TAKE OFF FAST BUT CRUISING SLOW
The last fifteen years have been a time of unprecedented opportunity and growth. But tough measures will be needed if India is to sustain this boom and leap into the ranks of developed nations, says an Economist survey.
India may have entered take-off mode but it still takes a lorry eight days to trundle the 2,150-km distance from Kolkata to Mumbai, with any number of stops at the toll booths and inspection points in between. That would seem to sum up the state of the economy, judging by â€˜Now for the Hard Partâ€™, a survey of business in India which appears in â€˜The Economic surveyâ€™ takes a comprehensive look at several key areas.
The survey mentions that India has achieved a lot in the last 15 years, but that was the easy part. Tougher reforms are now needed. These include opening Indiaâ€™s markets wider to competition and reducing the role of the state in the economy, improving Indiaâ€™s woeful infrastructure, changing labor laws and shaking up the educational system to ensure there is no skills shortage in the years ahead..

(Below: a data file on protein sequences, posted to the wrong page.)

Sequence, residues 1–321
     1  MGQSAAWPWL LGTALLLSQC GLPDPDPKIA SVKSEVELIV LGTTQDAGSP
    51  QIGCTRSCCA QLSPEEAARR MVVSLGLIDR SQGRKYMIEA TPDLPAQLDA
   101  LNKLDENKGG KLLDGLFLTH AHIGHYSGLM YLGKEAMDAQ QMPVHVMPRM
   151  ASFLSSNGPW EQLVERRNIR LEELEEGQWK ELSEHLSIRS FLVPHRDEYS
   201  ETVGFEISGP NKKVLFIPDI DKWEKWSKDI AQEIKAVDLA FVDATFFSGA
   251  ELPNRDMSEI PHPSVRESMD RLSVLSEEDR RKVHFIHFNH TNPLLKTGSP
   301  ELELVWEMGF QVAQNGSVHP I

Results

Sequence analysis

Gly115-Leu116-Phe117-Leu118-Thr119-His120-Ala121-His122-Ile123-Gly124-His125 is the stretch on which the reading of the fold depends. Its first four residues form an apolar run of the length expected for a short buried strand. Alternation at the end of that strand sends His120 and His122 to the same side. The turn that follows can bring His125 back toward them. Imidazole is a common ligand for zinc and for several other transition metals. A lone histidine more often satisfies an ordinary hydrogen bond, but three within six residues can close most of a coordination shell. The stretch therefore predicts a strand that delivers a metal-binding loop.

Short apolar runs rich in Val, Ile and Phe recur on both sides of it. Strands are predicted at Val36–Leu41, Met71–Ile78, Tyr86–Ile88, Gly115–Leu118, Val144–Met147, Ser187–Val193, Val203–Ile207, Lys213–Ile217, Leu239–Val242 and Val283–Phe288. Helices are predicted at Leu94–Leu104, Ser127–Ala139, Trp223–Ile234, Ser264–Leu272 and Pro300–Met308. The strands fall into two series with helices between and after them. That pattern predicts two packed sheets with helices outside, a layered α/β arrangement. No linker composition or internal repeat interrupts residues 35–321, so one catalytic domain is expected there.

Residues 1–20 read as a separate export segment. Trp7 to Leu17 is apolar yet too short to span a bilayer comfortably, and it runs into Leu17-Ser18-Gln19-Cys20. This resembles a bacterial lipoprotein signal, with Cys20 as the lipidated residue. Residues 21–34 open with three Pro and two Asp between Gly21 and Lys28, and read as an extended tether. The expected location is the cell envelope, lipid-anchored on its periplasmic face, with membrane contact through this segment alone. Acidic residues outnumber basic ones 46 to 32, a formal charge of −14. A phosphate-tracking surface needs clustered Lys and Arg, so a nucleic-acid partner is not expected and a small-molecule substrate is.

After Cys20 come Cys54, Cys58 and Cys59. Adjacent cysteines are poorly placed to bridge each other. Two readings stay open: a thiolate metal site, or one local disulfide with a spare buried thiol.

The Indian IT industry continues to sparkle; some of the numbers are truly amazing. Nandan Nilekani the MD of Infosys says that it took his company 23 years to become a $1billion company and just 23 months to double that. Domestic firms can now watch virtually every service offered by global giants of IT outsourcing, like IBM, EDS and Accenture.
There is a new- found confidence about Indian ITâ€™s world beating ability. Stock market valuations of Indian firms are high enough for them to buy much larger American outfits.
Nasscom president warns of three serious worries. A resurgence of protectionist rhetoric about outsourcing in the US, poor infrastructure in key cities like Mumbai and Bangalore and looming shortage in human resources.